Notes on a Midsummer's Night's Dream

A Midsummer Night's Dream is one of William Shakespeare's most well-known plays. This comedy was written towards the end of the 16th century, most probably between 1590 and 1596. It is not known for whom the play was written or on which occasion, although some believe that Shakespeare wrote it to be played during a high society wedding. It is also thought that the play was inspired by the works of medieval poet Geoffrey Chaucer and by an epic poem written by Roman author Ovid.

A Midsummer Night's Dream consists of five acts and ten scenes. The written play was first published in the winter of 1600, and the first known performance took place in London in January 1605. Since then, this comedy has become one of the most famous on the stages around the world and has inspired movies, ballet performances, musicals, and other literary works.

Description of the Main Characters

This complex comedy features a rather large number of characters, which are split into three categories: the Athenians, the Fairies, and the Mechanicals, or craftsmen. Within each group, the most important characters are:

- Theseus, the Duke of Athens
- Hyppolita, an Amazon queen who is to be married to Theseus
- Egeus
- Hermia, Egeus' daughter
- Helena, a beautiful but barely confident lady
- Lysander, an Athenian aristocrat
- Demetrius, another aristocrat who vies with Lysander in their love interests
- Puck, a mischievous fairy
- Oberon and Titania, the King and Queen of the Fairies
- Peaseblossom, one of Queen Titania's servants
- Nick Bottom, a weaver
- Peter Quince, who is a carpenter
- Snug, a joiner
- Tom Snout, a tinker
- Robin Starveling, a tailor

A Synopsis of Shakespeare's Play "A Midsummer Night's Dream"

A Midsummer Night's Dream is set to take place in two different scenarios: Fairyland and the woodlands near Athens. The play begins with a quarrel between Hermia and her father, as she refuses to go ahead with an arranged marriage with Demetrius and wants to marry Lysander instead. The story is interrupted here and the plot jumps to a scene where carpenter Peter Quince and his fellow craftsmen discuss the idea of putting together a stage play in honour of the Duke of Athens and his wife Hyppolita. The third parallel story takes place in Fairyland, where Oberon and Titania argue over their offspring. In revenge for Titania's indiscipline, Oberon calls on Puck, who is asked to prepare a magic potion that will make Titania fall in love with the first being she sees once she wakes up, hoping that it will be an animal so that she can be ridiculed.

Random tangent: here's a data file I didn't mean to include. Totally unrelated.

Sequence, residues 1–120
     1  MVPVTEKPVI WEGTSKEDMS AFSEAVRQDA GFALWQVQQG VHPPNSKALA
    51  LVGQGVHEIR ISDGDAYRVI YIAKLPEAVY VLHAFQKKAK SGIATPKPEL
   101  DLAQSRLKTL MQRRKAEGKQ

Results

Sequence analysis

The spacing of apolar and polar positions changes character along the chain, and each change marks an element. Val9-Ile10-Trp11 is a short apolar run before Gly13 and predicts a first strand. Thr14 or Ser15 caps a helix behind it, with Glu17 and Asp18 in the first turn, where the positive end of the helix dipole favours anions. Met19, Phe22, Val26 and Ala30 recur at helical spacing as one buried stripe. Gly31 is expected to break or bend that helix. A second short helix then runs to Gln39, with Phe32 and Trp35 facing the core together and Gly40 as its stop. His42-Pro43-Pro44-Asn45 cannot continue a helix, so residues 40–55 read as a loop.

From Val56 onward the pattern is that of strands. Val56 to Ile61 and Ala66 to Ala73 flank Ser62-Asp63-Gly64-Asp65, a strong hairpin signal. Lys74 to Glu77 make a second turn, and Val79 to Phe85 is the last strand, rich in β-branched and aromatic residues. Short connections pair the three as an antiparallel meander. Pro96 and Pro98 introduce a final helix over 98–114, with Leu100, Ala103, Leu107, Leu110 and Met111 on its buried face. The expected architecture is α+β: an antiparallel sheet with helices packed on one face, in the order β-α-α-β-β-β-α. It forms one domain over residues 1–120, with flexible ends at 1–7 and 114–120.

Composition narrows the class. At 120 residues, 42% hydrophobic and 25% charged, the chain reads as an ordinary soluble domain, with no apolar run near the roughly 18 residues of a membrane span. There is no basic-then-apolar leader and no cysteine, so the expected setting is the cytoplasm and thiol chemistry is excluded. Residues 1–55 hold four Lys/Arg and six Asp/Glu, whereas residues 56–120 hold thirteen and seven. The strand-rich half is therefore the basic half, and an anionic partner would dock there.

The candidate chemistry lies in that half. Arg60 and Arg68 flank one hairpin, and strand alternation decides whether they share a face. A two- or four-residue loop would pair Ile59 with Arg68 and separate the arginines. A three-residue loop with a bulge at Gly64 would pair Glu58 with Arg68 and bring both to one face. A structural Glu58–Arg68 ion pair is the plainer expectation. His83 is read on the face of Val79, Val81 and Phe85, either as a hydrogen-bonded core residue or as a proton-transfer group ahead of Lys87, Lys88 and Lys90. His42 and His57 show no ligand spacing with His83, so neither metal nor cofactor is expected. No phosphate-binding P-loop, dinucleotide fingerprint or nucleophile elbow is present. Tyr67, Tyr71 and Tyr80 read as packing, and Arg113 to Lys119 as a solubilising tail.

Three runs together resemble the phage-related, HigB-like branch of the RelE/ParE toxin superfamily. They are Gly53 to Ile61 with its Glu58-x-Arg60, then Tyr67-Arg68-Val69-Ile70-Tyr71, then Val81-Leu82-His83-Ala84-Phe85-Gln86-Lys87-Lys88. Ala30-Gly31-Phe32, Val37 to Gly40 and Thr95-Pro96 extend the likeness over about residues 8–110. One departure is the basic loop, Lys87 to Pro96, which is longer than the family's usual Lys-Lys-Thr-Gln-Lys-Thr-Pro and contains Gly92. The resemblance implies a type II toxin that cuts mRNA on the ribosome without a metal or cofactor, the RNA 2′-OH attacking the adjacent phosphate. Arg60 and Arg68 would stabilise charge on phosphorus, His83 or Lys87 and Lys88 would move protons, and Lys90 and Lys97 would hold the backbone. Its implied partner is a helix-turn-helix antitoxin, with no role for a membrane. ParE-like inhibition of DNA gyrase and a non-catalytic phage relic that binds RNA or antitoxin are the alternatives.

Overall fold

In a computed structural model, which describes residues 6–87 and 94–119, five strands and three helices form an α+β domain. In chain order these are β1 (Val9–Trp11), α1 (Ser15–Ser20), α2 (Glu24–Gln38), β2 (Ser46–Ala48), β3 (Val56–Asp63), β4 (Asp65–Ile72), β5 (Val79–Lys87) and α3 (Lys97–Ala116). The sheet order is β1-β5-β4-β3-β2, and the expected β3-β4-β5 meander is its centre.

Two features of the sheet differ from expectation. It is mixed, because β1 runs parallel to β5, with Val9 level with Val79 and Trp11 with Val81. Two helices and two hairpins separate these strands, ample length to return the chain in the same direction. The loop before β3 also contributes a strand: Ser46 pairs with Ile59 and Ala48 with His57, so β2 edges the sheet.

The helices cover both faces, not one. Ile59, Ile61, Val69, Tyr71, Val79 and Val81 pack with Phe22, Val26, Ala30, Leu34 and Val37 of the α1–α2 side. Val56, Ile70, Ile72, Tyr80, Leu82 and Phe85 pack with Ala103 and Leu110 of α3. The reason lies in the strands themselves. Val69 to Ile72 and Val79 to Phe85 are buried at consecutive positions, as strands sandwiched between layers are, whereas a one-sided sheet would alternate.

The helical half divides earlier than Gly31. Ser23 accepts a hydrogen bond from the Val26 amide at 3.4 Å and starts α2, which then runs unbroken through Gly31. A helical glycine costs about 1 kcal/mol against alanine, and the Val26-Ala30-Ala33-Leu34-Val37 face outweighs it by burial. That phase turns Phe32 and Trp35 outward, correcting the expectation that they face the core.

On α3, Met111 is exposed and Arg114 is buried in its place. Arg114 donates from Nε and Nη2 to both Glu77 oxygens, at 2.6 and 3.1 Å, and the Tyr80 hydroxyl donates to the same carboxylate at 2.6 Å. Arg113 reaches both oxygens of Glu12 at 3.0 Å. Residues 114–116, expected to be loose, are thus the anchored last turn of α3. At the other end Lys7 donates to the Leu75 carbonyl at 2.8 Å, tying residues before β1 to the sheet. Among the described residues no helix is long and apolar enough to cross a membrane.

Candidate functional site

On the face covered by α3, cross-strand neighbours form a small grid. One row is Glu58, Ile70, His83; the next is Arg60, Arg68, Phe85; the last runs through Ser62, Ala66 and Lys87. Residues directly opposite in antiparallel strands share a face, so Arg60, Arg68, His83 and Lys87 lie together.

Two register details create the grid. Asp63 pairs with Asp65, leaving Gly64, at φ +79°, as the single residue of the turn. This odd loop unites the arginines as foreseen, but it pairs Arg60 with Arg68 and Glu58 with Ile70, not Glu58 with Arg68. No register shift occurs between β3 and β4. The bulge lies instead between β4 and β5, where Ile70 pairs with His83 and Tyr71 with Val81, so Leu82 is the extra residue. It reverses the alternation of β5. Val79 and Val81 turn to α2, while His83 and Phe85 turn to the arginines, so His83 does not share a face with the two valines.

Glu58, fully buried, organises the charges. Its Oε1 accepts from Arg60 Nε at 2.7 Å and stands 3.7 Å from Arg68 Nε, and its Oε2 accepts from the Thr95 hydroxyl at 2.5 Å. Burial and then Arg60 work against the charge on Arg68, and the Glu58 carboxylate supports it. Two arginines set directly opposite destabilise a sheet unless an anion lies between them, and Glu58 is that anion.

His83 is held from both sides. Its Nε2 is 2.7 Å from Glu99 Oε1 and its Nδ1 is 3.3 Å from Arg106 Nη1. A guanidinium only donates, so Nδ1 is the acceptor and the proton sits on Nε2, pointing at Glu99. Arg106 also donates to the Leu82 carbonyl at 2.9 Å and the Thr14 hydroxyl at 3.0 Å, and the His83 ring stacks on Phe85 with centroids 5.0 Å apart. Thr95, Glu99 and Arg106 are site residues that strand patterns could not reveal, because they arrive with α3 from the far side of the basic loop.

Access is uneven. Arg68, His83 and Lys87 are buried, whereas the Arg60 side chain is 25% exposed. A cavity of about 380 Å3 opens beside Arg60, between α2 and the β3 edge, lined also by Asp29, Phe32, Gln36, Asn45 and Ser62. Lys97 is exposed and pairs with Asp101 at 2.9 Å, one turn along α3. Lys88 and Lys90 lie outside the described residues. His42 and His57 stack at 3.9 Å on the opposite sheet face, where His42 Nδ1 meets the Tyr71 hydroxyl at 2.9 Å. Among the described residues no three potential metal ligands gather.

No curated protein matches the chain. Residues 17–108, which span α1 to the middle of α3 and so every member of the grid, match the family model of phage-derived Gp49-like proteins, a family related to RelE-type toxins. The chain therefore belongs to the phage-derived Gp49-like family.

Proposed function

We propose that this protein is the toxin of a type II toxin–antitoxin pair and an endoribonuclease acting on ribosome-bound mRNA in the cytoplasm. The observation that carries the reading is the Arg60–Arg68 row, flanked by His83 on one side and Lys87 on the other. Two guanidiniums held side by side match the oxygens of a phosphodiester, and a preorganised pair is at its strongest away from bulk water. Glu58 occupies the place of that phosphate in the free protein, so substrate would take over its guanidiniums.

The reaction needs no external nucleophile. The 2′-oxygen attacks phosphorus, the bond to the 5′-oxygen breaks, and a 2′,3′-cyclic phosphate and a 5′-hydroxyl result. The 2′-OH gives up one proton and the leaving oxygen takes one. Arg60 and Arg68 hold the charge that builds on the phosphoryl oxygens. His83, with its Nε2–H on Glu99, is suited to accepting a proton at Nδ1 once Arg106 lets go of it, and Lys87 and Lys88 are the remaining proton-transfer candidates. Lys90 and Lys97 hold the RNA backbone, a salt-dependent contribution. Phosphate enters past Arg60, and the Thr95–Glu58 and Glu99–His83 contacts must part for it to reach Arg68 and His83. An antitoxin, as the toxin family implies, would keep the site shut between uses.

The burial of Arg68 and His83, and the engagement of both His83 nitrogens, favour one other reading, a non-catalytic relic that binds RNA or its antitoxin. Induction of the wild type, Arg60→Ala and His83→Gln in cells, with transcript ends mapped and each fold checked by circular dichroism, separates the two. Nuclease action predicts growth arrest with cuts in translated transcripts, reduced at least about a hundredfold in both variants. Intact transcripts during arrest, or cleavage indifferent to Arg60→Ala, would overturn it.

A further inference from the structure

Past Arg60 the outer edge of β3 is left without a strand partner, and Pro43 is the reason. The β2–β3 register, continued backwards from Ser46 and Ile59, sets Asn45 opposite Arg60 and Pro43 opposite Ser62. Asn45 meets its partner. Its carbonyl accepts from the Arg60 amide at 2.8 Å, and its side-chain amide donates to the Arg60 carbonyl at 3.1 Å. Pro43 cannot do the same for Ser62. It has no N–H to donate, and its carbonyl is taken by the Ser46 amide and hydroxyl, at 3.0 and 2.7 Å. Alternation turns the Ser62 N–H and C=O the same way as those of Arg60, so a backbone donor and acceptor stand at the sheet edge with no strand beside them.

The plot thickens with several scenes of unreciprocated love and confusion between Helena, Demetrius, Hermia, and Lysander. And to add more confusion, Puck uses the magic potion on the wrong person causing even more upheaval. At the same time, the play produced by the Mechanicals goes ahead, not without being affected by Puck's misbehaviour.

Eventually, Oberon has its way and gets back Titania's offspring (a changeling). The plays ends with a generalised feeling of uncertainty, as Helena, Demetrius, Hermia, and Lysander begin to doubt that their time in the woodlands was a reality, and the audience watching The Mechanicals' play is asked to ponder whether they too might have been dreaming.

Key Themes

Despite being a comedy, A Midsummer Night's Dream has as its main theme the concept of complex and even tortuous love relationships. Every romantic relationship in this play is subject to imbalances and difficulties, which are made even worse by the actions of third parties, such as Puck.

A Midsummer Night's Dream also deals with pairs of opposing concepts, such as reason versus imagination or individual will versus the rule of law. These are especially evident in the character of Egeus.

The contrast between dreams and reality is also a major theme in this play, and the characters often resort to dreams when their circumstances become too difficult to comprehend or get out of hand. The play's closing scene, where the audience is asked to question their own perception of reality, could be Shakespeare's way of telling us that perhaps we should not take things too seriously, as there is a fine line between certainty and fantasy.

Famous Quotes from A Midsummer Night's Dream

"The course of true love never did run smooth"
"Love looks not with the eyes, but with the mind, and therefore is winged Cupid painted blind"
"Are you sure that we are awake? It seems to me that yet we sleep, we dream"
"Oh hell! To choose love with another's eye!"
"Lord, what fools these mortals be!"